Grad School, Tattoos, and Taping My Nipples

How’s that for a catchy title, huh? I don’t think it quite qualifies as clickbait, but what can I say, I still consider myself new to the game.

My first semester has finally finished, so my evenings are my own again, and I have the time to sit down and let my mind wander far enough away to write. I’ll tell you this – when they say that grad school takes up your entire life, they mean it. Admittedly, I overestimated my abilities and over-scheduled myself this semester, but I think even if I had taken a reasonable number of classes, I still would have spent all of my time doing school work.

She’s seeking it. She’s seeking it and all her thought is bent on it…sleep.

So I guess as a matter of course I should impart some wisdom of the things I learned my first semester. I’ll go for the itemized list for brevity’s sake.

  1. Go to class. This might seem like a stupid thing to say, but honestly, the time to stop skipping class because you want to sleep in is now. You’ve chosen the life of an academic, and you should act like it. You want your professors to know you, because they’re going to make or break you down the line. They don’t want to see someone who’s going to half-ass their PhD.
  2. Do the work. This goes with number 1. Again, you’ll make no friends trying to get by on minimal work. If you do the best you can and you end up with a D, that’s fine, because at least you put in the effort. If you don’t care what your graders are or professors think of you (have you been reading?) then at least do it for yourself. This is the field you’ve chosen to spend your life in. You should want to learn things. That’s why you’re here, right?
  3. Know how lucky you are. This can be your daily affirmation when you have to stay up until 4:00am writing a paper. No matter how hard it gets (and believe me, it gets hard), there are hundreds of people who didn’t make it to where you are, and hundreds more who graduated college with no future whatsoever, and they were just as smart as you. They’d be glad to be where you are, so don’t take your gift for granted (this goes double if you’re getting paid).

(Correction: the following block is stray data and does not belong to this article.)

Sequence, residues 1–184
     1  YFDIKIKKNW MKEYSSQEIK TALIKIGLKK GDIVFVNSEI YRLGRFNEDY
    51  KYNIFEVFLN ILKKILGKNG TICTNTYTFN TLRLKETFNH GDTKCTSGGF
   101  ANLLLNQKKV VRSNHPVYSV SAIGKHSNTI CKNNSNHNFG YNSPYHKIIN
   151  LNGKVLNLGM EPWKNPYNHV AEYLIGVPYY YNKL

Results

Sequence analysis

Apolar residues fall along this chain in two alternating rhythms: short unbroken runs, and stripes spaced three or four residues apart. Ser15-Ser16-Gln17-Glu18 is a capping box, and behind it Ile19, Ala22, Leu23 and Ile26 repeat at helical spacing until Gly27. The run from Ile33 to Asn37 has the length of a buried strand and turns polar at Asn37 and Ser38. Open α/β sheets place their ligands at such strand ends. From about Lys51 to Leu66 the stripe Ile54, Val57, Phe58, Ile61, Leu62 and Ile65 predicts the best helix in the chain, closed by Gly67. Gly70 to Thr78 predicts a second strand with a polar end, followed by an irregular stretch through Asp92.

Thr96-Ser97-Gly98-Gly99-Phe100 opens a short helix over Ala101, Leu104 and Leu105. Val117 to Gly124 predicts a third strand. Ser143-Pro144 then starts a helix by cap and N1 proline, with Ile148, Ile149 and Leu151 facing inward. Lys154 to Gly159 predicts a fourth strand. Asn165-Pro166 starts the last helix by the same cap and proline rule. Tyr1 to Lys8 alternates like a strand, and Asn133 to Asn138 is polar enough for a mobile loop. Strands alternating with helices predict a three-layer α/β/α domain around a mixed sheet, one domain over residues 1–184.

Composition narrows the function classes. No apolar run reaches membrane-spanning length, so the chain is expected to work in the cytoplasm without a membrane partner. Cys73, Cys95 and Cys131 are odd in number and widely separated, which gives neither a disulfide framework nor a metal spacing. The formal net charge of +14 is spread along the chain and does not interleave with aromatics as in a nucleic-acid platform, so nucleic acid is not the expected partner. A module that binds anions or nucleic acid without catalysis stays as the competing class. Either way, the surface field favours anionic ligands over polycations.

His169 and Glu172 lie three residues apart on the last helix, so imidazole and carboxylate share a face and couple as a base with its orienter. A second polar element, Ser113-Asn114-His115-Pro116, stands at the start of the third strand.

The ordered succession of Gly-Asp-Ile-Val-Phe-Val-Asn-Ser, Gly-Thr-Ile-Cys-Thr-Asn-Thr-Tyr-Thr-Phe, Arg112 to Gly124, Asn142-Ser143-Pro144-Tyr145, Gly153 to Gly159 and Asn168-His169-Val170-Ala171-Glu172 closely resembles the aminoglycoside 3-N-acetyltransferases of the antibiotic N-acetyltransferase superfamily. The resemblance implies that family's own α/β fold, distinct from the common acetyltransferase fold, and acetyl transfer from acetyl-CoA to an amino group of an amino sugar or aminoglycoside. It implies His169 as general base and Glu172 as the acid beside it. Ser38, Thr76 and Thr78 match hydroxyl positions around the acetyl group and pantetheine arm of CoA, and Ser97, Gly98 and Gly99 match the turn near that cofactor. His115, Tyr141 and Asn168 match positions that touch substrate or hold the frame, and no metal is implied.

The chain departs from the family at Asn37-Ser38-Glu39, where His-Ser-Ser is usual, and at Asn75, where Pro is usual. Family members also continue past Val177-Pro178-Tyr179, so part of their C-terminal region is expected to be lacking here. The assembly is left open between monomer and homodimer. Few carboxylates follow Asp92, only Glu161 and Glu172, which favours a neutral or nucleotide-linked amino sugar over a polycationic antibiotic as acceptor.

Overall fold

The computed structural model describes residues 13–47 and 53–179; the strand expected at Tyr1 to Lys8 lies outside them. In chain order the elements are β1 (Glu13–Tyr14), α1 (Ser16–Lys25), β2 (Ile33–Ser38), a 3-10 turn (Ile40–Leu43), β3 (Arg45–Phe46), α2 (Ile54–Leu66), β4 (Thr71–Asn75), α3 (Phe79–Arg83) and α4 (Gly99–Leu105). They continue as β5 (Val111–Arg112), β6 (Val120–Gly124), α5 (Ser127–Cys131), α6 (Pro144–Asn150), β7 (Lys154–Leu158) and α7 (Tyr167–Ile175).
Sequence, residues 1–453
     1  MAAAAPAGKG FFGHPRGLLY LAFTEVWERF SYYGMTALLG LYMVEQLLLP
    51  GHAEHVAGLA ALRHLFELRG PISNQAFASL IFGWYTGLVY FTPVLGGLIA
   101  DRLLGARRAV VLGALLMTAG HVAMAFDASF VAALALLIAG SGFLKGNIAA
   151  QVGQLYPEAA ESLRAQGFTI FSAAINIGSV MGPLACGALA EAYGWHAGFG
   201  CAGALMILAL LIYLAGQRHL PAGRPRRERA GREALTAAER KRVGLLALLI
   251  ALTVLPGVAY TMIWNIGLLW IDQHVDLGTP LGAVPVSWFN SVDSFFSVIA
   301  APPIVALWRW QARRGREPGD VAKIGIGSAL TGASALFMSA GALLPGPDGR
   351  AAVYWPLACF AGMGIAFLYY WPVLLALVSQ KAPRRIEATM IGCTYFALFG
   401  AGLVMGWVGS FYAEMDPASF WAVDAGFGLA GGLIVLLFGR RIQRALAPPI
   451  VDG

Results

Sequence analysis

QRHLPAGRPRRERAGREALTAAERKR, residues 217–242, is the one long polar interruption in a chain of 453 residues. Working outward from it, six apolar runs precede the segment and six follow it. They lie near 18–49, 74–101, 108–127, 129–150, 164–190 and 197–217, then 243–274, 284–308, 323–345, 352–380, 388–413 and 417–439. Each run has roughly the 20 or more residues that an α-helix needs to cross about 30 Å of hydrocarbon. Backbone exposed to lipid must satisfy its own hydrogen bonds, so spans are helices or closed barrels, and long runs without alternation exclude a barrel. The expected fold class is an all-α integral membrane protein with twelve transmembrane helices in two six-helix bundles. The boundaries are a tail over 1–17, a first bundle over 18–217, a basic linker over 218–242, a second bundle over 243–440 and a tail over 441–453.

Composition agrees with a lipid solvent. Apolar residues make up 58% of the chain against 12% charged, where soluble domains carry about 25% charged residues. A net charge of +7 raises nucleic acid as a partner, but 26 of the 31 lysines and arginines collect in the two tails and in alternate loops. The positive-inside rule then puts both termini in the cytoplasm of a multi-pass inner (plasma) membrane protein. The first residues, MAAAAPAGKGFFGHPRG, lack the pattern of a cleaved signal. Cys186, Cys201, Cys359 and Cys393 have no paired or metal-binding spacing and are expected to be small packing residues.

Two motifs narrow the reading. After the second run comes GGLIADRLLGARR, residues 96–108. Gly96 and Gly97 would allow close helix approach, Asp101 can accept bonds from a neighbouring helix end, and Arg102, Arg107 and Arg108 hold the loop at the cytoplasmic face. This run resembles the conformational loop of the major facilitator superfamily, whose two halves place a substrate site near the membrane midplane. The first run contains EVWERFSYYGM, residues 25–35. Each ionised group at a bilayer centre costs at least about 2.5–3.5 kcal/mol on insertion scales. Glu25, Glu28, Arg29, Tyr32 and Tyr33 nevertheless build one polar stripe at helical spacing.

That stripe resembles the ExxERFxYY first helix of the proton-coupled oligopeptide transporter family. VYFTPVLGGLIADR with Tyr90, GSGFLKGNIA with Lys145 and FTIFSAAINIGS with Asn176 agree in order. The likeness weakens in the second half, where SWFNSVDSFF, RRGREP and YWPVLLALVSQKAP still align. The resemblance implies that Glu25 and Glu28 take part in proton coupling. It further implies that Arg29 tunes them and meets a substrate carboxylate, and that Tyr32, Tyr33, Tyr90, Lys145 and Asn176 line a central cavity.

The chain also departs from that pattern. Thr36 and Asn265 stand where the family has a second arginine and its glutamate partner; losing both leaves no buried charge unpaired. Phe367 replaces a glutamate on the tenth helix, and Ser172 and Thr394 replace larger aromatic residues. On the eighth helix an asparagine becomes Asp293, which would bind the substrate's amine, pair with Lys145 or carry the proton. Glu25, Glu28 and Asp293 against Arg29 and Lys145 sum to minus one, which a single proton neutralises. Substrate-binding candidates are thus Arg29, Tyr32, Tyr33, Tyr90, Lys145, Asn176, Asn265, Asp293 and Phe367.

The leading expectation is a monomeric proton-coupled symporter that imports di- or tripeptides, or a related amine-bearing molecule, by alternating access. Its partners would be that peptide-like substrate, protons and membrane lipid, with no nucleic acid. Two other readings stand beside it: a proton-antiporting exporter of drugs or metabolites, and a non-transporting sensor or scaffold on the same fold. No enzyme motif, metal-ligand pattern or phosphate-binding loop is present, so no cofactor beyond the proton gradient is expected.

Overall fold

4. Don’t burn yourself out (a.k.a. caffeine isn’t worth it). This is me giving you permission to go to sleep instead of finishing your homework. You’ve settled in for a long 4+ years, and if you squeeze out all of your energy now, you’ll be run dry by the time it comes for the final push. Not what you want. Know your limits, and don’t be afraid to slow down if you’re overreaching yourself. Otherwise you might work yourself sick and your professor won’t touch your homework assignment because you look like you’re carrying the plague.
  5. Ask for help. Like I said, things are going to get hard. Classes are hard, research is hard, hell, grocery shopping is hard. But no one is trying to make you fail (at least I hope not! If so, please see your schools guidelines on reporting that kind of abuse). Your professors push you hard because you’ve entered a hard field, and they assume that you are fully dedicated to your craft (as you should be). They do want you succeed, though. One of the first things you should do is find someone (professor, friend, healthcare professional) that you feel comfortable going to with major problems. By this I mean problems adjusting or keeping up with/ understanding the coursework. To a certain extent you are required to handle your own difficulties now, but if you truly feel as if you can’t handle something by yourself, have someone that you can go to for help.

There you go. I tried to keep it short, partly because grad school is an individual experience for everyone, partly because I like to think of this blog as my place separate from my work, even though I occasionally talk about it.

Onto more interesting topics, I recently got another tattoo. My first was the phrase Juncta Juvant on the inside of my wrist (my alma mater’s motto). This time I chose a phoenix feather on my ribs: